LIFESTYLE
31/01/2019 5:11 PM IST | Updated 01/02/2019 2:40 PM IST

In Chigozie Obioma's 'An Orchestra Of Minorities', A Poultry Farmer Fights For Love

A compelling read, dotted with the tiniest details of the mundane and streaked with white supremacy, the glory of foreign lands and social ladders.

Musa Tukurah via Getty Images

Set in Umuahia, Nigeria, in the 2000s, Chigozie Obioma’s An Orchestra of Minorities is the story of a poultry farmer whose day is interrupted by a woman contemplating suicide on a highway bridge. Chinonso Solomon Olisa, our hero, is a lonely man. He is grieving his dead father, affected by the early death of his mother, and estranged from his only sister. He finds solace and peace in raising poultry and taking trips to the market. It is on one such ordinary day of his daily existence that he meets the woman, Ndali Obialor. The sight prompts him to throw away two of his prized fowls into the waters below to show her the severity of a fall. This moment of sacrifice becomes a turning point in his life. He understands that he has done something out of the ordinary because “… his chi flashed the thought in his mind that he’d done enough, and that it was best he left.” So Chinonso leaves the scene immediately.

Little, Brown

In An Orchestra of Minorities, the chi(s) or guardian spirits inhabit the bodies of their hosts. They flash images in their minds, project helpful dreams while they are asleep and give counsel through thoughts. They can eject out of their hosts at will but their powers are limited. They cannot see the future or interfere in the natural course of events or influence a man against his will. They go through several rounds of reincarnation, often remembering skills gained from previous hosts, and are bound to their present host as a guide and witness. Chinonso’s chi, in fact, has been around for hundreds of years, as a guardian for a slave woman, a Biafran warrior and Chinonso’s own uncle, to name a few.

The novel begins with the chi standing in the celestial court of the supreme being, Chukwu, to give a testimony of his host. Told through flashbacks, we see Chinonso’s life, from birth to the present, through the eyes of his chi. Deeply grounded in the mysteries of Igbo cosmology, the book is both a story of love and of the descent of a man who aims for the stars. And who better to hear it from than his own chi, who has been by his side through his happiest and darkest moments? As the novel ends, one wonders if the chi has exalted the reader to the status of the supreme being and is pleading with us on behalf of his host for a fair judgement.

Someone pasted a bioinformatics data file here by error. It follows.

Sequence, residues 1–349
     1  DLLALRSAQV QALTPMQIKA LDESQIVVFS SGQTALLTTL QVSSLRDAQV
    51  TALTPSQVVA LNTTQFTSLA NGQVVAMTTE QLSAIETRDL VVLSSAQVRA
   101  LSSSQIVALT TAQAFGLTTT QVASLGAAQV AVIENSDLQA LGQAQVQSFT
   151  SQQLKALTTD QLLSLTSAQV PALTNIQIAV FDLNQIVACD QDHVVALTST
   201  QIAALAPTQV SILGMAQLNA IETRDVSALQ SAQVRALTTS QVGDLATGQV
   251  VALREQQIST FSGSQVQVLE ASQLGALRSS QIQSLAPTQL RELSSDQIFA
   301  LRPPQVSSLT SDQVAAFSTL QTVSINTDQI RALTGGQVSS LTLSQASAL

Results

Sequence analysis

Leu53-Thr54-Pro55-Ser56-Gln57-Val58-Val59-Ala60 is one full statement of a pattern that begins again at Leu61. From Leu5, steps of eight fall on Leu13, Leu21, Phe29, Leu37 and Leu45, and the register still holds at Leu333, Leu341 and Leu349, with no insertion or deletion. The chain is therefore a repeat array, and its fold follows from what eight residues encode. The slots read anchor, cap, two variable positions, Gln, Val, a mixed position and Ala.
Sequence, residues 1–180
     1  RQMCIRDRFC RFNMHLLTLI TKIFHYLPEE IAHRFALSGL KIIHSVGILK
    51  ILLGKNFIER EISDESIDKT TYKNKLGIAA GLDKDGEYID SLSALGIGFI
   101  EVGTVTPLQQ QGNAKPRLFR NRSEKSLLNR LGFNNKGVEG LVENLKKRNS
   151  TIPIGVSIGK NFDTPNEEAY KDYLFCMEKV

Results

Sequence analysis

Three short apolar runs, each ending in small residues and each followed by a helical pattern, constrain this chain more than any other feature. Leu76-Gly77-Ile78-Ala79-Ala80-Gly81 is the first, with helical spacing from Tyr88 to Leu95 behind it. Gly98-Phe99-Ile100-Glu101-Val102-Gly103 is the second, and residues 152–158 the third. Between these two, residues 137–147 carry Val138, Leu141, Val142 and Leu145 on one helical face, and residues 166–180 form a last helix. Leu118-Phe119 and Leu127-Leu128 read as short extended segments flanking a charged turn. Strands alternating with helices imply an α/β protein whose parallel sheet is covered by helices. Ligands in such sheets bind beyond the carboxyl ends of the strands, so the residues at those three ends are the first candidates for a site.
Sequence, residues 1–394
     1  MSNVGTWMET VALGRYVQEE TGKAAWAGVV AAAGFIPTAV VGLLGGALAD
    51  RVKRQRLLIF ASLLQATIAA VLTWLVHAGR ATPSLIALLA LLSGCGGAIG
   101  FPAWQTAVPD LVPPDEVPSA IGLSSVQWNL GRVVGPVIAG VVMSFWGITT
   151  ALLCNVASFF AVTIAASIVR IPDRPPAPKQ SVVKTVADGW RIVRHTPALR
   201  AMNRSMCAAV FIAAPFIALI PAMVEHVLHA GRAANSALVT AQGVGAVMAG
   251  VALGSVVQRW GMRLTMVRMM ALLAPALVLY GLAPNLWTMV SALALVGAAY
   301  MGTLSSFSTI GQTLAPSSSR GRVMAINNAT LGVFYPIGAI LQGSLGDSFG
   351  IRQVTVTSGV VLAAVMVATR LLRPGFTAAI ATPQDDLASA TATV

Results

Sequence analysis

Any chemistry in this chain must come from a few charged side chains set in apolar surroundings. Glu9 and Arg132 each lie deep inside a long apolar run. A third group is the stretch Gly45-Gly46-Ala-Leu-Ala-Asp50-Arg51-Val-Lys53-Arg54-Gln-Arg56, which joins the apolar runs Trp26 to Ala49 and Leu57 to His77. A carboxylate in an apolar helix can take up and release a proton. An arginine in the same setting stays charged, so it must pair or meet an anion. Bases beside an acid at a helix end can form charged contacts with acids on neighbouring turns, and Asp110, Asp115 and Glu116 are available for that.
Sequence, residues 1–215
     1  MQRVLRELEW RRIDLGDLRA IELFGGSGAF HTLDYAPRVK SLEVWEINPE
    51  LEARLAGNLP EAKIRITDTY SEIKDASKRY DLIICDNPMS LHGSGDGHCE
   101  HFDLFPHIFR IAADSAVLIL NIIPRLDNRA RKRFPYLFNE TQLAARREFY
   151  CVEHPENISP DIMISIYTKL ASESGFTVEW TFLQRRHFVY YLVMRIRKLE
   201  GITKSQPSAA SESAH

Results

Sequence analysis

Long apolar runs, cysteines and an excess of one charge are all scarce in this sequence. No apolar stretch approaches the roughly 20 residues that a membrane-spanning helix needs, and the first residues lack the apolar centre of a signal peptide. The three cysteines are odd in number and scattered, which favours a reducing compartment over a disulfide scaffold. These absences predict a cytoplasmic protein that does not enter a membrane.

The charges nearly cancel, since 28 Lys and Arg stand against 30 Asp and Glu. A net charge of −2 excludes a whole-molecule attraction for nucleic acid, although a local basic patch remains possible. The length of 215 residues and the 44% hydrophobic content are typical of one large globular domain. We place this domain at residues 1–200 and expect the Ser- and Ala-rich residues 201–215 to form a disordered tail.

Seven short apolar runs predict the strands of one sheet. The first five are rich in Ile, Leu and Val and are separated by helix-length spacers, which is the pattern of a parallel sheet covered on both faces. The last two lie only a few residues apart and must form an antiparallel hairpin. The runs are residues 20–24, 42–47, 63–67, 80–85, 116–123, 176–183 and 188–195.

Chinonso’s life is a series of chance encounters bearing consequences. Insignificant events and choices, made by the mortal or the disembodied narrator, lead to bigger ones like a domino effect. Months after the incident on the highway bridge, Chinonso and Ndali cross paths, igniting a romance between the saviour and the saved. They make love amidst clucking hens and power outages and dream of getting married. Chinonso is a happy man until reality hits him in the form of humiliation by Ndali’s family. She is rich, privileged and a pharmacist in training while he is uneducated, poor, awkward and the owner of a fowl business. He meets a friend, Jamike, who helps him travel abroad but ends up in Northern Cyprus under Turkish occupation or ‘Africa in Europe’;  in Chinonso’s words, ‘hell’.

The novel illuminates Chinonso’s sacrifices from the first day he meets Ndali. He sells his farm and house in the hopes of being educated abroad so that he can be worthy of her hand. At heart, An Orchestra of Minorities is a familiar story of poor-boy-rich-girl-in-love, that relegates all other characters to the margins, almost like an epic about the poor Chinonso. Comparing it to Homer’s Odyssey, which the book was marketed as, would be an exaggeration. But it definitely makes a compelling read, dotted with the tiniest details of the mundane and streaked with white supremacy, glory of foreign lands and social ladders. When Chinonso hears there are no jobs in Cyprus he wonders “how could there be no jobs abroad in a country abroad where white people live? Maybe the Nigerian students going there were lazy”. 

The detached narration of a chi as opposed to the man himself, sometimes sedates sympathies towards our tragic hero. But the unbiased narrative helps us see the latent cruelty in humans. When a young Chinonso injures his beloved bird as an act of revenge, we see the protector merging into the antagonist.

Obioma is no stranger to novels that dissect psychology and distress. His first novel, The Fishermen, about the collapse of a family when a local mad man predicts the death of one sibling at the hands of another, was shortlisted for the Man Booker Prize in 2015. In contrast, his second novel is more expansive in girth, slathered with English, Igbo and pidgin with copious elements of the Igbo belief system. The book’s title, An Orchestra of Minorities, is derived from Chinonso’s late father’s name for the chorus of birds when a predator strikes. Just as Chinonso helped Ndali come back to life on a bridge, his chi crosses many bridges to fight for his host. Chinonso’s life is an ensemble of a man’s play with dreams and fate. At one point, he tells his friend, Jamike, “I’m ready to do anything to marry her” and one wonders, is that so wrong?